It’s been a lazy summer on our part, so it’s time to get back to business. And we’ll start off with this article by Moustafa et al, which was recently published in the Scandinavian Journal of Trauma, Resuscitation and Emergency Medicine. The authors deal with the issue of predicting risk of intracranial haemorrhage in TBI patients… Continue reading Predictive Factors of Traumatic Intracranial Haemorrhage in Patients on Anti-platelet Agents
I came across this useful little review in Kidney International Reports covering a subject I always find difficult to grasp: sodium disturbances and their influence on the brain. The article delves into the matter in a concise and understandable way, making it just about manageable even for an anaesthetist.
Meyfroidt and colleagues recently published a commentary in Intensive Care Medicine addressing ten tenets in neurocritical care that merit debate. The article deals with the following ten statements: 1. Only neurointensivists should care about the brain. 2. Clinical examination of neurocritically ill patients is impossible. 3. We should no longer monitor ICP in traumatic brain… Continue reading Meyfroidt et al in ICM: Ten false beliefs in neurocritical care
Tranexamic acid (TXA) has been held as something of a wonder drug. It’s cheap, largely demonstrated to be safe and has been given a role in a number of settings. The 2013 CRASH-2 trial showed improved survival in trauma with bleeding, and thus became one of the most widely cited publications in traumatology and emergency medicine. Several… Continue reading TICH-2: No Benefit From TXA in ICH. What Now?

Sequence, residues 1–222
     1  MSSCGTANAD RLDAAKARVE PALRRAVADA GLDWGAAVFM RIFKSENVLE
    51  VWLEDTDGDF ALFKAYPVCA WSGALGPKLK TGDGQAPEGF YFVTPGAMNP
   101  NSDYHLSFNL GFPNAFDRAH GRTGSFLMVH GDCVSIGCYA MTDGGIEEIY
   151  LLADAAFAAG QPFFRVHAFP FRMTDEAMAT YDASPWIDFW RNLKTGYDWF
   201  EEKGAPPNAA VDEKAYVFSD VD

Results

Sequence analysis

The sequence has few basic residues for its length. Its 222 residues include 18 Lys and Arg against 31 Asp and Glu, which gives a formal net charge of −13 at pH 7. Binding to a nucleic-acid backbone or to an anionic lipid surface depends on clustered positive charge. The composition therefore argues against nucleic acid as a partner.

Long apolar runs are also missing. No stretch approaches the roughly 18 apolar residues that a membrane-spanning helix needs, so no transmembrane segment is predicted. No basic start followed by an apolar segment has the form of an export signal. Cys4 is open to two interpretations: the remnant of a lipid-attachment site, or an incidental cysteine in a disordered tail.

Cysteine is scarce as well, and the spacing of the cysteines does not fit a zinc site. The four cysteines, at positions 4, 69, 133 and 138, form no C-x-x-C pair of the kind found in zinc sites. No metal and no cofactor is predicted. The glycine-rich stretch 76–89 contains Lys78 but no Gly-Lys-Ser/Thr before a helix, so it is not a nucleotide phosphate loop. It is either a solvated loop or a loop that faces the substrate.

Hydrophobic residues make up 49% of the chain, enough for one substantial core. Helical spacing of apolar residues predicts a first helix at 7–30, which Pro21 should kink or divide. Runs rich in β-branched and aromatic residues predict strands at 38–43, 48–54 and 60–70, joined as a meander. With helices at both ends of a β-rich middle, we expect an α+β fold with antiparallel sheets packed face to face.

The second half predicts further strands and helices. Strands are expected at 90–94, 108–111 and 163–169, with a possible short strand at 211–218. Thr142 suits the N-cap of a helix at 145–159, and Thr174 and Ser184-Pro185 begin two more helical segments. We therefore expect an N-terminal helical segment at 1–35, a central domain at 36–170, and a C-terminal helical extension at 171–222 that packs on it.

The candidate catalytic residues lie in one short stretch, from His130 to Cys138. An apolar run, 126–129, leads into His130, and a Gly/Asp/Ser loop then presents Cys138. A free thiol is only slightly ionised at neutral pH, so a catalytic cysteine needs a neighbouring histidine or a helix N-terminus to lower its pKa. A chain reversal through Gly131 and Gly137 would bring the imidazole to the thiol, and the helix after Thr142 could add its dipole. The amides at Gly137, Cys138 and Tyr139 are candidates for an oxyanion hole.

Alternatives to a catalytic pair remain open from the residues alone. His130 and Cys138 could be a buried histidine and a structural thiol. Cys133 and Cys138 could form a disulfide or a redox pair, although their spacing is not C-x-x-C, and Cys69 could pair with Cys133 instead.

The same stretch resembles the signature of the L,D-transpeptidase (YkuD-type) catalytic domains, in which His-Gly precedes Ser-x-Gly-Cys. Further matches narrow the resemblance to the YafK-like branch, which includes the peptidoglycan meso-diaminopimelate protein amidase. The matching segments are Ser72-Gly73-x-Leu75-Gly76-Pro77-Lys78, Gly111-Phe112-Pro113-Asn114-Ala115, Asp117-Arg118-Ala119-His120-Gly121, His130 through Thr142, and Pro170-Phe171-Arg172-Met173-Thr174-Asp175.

Excellent and widely read overview of sedation regimes in acute brain injury. Find the article by Oddo et al in Critical Care here.
From our fellow anaesthetist Lars Prag Antonsen comes this eye-opening essay on cognitive processes and how we apply them in high-pressure settings. Very relevant for anaesthetic practice as well as being an enjoyable read. Find the full-text article in the Journal of the Norwegian Medical Association here.
A recently published review  by our Danish colleagues sums up the more recent trials on the subject of anaesthetic technique for endovascular treatments of ischaemic stroke. Previous publications, many of which are based largely on observational or retrospective data, have suggested harm from general anaesthesia (GA) for these procedures, when compared with conscious sedation… Continue reading Anaesthesia for Endovascular Treatment of Acute Ischaemic Stroke: Still Controversial?